Types of Autoimmune Diseases You Should Know About

Your body’s immune system plays a critical role in keeping you healthy. When it functions as it should, it fights off germy invaders and keeps you from getting sick. 

Sometimes, though, your body’s soldiers get mixed messages from the general — your brain. When this occurs, your immune system launches an attack against healthy tissue, leading to complications. Here are eight types of autoimmune diseases that are little understood, but which deserve treatment and care. 

1. Lupus

Lupus is a chronic disease that can cause inflammation and pain in any part of your body. It primarily impacts women — 9 out of 10 patients are female. It often affects your skin and joints but can damage your internal organs. 

If you suspect you have lupus, look for the following symptoms:

  • Extreme fatigue: This tiredness isn’t the same as losing a night’s sleep. No amount of rest leaves you feeling refreshed. 
  • Pain or swelling in the joints: Like some forms of arthritis, lupus can make your knees and knuckles tender. 
  • Headaches: Lupus affects your nervous system, which can result in head pain. 
  • Low fevers: You might run a slight temperature even when you aren’t sick. 
  • Sensitivity to sunlight or fluorescent lights: You might break out after time in the sun, even if you don’t burn. 
  • Chest pain when inhaling: Take a deep breath. If doing so causes chest pain, you could have lung inflammation due to this condition. 

2. Multiple Sclerosis 

Multiple sclerosis is a type of autoimmune disease that impacts your brain and nervous system. Sufferers may experience vision loss and often have pain with eye movement. You could also have problems with your bladder and balance. You could develop dizziness and fatigue, and you might slur your speech even though you are sober. 

Many people with this type of autoimmune disorder or others suffer flares where their symptoms increase and subside. This relapsing-remitting disease course can cause considerable emotional and financial stress. 

At times, you may feel fine. During a flare, however, you might not be able to leave your bed. Friends and family often can’t understand why you appear “normal” one day but disabled the next. Your employers rarely comprehend your symptom severity, and if you take too many sick days, you could face repeated job loss and economic strain. 

3. Rheumatoid Arthritis

Rheumatoid arthritis causes similar symptoms as the osteo variety, but it can strike people of any age. Those under the age of 16 might receive a diagnosis of juvenile idiopathic arthritis. It causes severe pain and swelling in your joints, and can result in pain and stiffness with movement. 

4. Crohn’s Disease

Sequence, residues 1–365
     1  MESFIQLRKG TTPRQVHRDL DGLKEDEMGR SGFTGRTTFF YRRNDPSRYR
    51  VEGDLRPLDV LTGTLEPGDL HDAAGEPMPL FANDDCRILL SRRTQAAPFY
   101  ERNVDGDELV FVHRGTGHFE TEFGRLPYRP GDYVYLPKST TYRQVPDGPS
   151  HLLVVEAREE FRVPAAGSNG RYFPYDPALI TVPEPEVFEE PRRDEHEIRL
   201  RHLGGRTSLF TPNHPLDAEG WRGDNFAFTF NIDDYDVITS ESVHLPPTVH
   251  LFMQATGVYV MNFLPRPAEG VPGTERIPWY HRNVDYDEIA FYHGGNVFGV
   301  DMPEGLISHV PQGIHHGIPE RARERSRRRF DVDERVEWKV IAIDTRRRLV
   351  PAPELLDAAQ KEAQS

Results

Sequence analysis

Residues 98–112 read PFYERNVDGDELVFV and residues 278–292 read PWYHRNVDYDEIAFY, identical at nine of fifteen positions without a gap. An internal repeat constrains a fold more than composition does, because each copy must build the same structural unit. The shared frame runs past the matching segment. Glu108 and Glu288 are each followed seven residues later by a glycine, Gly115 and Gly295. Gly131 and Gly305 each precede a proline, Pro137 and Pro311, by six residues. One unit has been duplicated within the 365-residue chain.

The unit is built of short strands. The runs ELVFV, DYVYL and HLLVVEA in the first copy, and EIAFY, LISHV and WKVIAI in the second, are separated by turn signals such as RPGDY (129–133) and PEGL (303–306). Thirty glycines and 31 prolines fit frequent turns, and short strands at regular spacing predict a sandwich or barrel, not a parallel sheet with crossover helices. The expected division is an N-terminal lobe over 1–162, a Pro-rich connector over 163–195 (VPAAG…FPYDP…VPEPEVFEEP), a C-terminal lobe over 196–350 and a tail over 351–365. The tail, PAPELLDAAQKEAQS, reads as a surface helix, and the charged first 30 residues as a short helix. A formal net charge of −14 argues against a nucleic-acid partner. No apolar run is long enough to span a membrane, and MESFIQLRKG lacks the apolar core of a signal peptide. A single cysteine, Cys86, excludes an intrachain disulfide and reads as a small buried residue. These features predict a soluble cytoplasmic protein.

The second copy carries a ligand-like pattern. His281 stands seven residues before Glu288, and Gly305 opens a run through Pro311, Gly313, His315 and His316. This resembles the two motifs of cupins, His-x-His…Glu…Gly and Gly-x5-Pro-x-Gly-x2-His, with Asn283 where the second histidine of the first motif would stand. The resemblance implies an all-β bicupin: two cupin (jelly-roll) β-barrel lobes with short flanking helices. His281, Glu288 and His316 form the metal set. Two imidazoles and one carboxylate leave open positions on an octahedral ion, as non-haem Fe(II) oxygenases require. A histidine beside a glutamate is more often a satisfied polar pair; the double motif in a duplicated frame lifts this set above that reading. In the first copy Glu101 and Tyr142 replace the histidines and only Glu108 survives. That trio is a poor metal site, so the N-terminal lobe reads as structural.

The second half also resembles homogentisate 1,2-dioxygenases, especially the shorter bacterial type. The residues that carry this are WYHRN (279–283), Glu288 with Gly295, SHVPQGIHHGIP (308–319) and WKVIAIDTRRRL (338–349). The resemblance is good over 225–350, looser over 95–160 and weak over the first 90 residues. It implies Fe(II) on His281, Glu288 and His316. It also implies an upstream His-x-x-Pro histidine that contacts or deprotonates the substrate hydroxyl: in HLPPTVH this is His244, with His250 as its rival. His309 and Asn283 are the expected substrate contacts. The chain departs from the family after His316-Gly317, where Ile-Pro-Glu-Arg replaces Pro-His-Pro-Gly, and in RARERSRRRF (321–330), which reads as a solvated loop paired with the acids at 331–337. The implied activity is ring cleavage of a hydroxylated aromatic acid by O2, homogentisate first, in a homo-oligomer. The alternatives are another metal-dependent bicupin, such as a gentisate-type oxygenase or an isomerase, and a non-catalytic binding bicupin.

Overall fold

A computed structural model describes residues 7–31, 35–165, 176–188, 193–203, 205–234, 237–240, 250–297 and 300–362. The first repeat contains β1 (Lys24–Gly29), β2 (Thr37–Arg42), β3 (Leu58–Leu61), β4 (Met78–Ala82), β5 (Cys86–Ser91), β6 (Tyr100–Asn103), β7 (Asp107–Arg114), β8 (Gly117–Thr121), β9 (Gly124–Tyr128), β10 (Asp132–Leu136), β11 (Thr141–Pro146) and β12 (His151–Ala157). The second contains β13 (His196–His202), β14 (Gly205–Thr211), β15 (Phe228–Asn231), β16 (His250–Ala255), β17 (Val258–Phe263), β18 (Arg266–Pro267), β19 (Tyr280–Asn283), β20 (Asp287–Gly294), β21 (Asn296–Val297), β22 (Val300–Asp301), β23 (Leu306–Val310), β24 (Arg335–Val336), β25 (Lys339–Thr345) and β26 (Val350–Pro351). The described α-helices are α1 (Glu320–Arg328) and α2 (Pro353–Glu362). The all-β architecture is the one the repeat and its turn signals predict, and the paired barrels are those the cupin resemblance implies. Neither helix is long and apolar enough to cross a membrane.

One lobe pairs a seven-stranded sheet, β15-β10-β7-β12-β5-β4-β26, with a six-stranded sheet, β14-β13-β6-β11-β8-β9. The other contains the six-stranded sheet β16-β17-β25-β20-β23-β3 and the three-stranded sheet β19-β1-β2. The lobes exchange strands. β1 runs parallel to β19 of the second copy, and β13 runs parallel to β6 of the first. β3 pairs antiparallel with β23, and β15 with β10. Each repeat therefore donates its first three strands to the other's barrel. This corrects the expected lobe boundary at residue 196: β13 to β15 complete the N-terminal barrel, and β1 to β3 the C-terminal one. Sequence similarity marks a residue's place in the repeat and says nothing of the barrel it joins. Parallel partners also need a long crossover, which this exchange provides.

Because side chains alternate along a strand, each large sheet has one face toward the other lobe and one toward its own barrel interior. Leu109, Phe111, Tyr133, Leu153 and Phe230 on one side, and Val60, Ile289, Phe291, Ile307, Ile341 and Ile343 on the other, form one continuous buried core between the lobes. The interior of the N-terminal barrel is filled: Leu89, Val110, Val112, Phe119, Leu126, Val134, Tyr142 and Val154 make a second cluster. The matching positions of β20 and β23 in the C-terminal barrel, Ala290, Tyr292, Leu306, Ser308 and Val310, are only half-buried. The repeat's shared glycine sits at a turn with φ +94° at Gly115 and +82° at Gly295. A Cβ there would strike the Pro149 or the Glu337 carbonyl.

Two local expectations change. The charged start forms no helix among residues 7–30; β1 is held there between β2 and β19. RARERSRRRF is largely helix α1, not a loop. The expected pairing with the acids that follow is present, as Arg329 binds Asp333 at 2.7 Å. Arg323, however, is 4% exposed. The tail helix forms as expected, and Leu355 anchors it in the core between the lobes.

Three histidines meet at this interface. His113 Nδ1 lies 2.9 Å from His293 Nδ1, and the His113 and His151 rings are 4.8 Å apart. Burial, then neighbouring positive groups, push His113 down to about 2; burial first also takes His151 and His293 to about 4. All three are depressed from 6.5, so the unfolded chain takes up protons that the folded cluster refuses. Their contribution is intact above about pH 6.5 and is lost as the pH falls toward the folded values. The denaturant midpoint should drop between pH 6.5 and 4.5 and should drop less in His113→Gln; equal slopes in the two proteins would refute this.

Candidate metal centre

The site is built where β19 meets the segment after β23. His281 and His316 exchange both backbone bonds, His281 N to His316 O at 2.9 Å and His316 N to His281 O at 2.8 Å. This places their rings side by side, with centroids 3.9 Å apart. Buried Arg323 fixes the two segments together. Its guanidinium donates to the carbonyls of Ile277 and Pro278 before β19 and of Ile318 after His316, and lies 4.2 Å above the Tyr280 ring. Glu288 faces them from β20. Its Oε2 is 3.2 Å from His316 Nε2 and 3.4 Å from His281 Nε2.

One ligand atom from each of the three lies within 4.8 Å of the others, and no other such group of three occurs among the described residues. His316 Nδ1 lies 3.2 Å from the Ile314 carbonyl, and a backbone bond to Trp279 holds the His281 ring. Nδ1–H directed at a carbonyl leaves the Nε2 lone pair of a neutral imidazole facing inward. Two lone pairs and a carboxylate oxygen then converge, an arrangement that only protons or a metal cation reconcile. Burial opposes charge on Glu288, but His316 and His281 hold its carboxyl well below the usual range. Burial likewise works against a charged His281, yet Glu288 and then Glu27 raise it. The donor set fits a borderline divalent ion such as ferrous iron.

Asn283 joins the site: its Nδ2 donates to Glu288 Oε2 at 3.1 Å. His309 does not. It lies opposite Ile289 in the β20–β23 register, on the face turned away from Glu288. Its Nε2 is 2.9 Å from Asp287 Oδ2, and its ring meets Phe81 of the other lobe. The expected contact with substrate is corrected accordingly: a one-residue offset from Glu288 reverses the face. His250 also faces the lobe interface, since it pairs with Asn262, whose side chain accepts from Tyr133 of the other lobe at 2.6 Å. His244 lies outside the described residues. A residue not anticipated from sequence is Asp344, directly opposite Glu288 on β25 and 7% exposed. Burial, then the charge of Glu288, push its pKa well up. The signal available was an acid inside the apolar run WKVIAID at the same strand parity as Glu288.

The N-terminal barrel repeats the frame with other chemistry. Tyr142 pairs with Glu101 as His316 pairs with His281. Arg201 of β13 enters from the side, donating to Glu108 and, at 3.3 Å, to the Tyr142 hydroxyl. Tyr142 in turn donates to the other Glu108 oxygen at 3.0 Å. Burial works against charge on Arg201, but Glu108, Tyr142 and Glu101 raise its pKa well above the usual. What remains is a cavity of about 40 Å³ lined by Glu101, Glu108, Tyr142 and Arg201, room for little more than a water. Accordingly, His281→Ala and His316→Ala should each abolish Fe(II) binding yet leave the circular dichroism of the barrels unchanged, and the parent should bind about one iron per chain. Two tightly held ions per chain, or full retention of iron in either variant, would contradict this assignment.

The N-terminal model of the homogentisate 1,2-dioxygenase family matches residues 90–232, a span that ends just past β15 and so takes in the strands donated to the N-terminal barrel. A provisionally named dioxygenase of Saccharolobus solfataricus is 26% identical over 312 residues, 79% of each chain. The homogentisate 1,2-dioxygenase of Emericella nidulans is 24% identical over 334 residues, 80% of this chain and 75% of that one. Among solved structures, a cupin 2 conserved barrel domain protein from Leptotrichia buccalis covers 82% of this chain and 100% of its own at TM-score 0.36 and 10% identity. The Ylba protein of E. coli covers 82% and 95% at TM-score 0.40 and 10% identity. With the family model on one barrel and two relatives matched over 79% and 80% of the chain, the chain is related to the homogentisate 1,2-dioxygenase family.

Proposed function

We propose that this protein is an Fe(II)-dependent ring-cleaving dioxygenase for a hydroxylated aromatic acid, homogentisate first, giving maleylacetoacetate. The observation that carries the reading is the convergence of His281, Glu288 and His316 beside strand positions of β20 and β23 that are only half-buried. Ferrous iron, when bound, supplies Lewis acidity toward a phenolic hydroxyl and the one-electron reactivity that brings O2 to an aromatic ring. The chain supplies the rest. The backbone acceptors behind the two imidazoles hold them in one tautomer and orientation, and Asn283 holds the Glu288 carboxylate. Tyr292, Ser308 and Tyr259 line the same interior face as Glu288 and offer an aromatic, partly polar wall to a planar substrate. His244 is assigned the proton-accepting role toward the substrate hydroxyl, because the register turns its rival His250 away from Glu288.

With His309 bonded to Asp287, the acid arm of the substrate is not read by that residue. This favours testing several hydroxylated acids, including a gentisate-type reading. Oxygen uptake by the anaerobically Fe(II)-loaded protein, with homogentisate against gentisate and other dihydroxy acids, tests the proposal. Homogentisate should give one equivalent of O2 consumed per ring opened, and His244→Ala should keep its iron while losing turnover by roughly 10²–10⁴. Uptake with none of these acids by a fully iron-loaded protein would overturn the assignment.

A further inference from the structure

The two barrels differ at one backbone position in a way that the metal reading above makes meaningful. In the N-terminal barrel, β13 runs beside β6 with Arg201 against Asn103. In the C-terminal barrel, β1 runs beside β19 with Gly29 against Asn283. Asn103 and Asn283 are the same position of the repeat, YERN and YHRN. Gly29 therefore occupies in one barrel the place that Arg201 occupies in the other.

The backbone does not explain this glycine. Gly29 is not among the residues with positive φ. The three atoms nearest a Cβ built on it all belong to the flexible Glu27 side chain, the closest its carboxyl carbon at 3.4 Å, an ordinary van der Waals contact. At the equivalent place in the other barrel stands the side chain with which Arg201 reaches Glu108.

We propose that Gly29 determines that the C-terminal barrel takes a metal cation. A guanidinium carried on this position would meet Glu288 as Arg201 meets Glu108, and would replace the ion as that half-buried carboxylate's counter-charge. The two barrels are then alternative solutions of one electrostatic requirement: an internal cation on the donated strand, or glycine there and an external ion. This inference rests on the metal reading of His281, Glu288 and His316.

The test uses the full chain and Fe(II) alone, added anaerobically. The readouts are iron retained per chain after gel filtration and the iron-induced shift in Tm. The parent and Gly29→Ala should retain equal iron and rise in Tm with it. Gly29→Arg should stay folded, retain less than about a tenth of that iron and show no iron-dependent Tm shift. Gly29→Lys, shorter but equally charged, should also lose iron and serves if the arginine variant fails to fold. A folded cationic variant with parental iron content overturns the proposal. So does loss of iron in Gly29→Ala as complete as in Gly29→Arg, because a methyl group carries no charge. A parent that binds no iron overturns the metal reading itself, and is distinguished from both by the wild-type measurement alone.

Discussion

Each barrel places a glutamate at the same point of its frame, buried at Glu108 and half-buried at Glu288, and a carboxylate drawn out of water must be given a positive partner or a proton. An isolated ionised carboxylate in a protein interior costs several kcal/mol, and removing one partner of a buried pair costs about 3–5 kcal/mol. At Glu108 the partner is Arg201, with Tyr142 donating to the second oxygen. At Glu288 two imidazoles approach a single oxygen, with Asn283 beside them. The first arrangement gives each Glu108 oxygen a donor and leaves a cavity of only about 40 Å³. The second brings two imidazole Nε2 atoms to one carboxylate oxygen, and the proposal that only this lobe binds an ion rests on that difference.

Crohn’s disease occurs when your body attacks your digestive system. Unlike ulcerative colitis, which only impacts your intestines, Crohn’s can strike anywhere along the gastrointestinal tract. 

Symptoms of Crohn’s disease can prove debilitating. You can suffer frequent bouts of diarrhea and feel an urgent need to move your bowels, causing you significant distress if you can’t find a bathroom. You may become reclusive, and children with the condition might fear attending school.  Alternatively, you could grow constipated and pass blood in your movements. 

5. Psoriatic Arthritis 

Like rheumatoid arthritis, the psoriatic version attacks your joints. However, this disorder also impacts your skin, and results in red, raised, itchy patches called plaques. These blemishes can prove embarrassing and cause you to avoid wearing short sleeves or shorts, even on the warmest days. Skin deformities can also strike your face and scalp, making you intimidated to go out in public. 

6. Type I Diabetes

Two types of diabetes exist — Type 1 and Type 2. In Type 1 diabetes, your body attacks the cells in your pancreas that make insulin. People with this disorder are more likely to have other types of autoimmune diseases like multiple sclerosis or lupus. 

If you have Type 1 diabetes, you will need to take supplemental insulin. This condition can prove fatal without it, as many people in the United States who lack health coverage understand. Tragically, several individuals have lost their lives from rationing their dosage due to high costs. 

7. Fibromyalgia

Fibromyalgia suffers hoe a rocky row. They often have to convince friends and family that their condition is real and not in their heads, and sometimes, they must persuade their doctors. In one 2007 survey of 2,000 patients, a quarter of respondents said their physicians didn’t take them seriously. 

This disorder causes widespread pain, which is often worse along trigger points, such as the mid-back. Like many autoimmune disorders, fibromyalgia frequently strikes women, which some critics identify as a possible reason why the medical field fails to take the condition seriously. 

8. Celiac Disease

Celiac disease is an autoimmune disease of the intestines, but unlike ulcerative colitis or Crohn’s, the ingestion of gluten causes an exaggerated response. Many patients don’t know they have the disorder, but it can cause severe long-term health issues. While treatment sounds simple — don’t eat wheat — gluten hides in many of America’s processed foods. 

Learn About These Types of Autoimmune Disease 

If you suspect you have one of these types of autoimmune disease, you should consult with your physician. Now that you have a better understanding, you can exercise more empathy toward those who live with these disorders.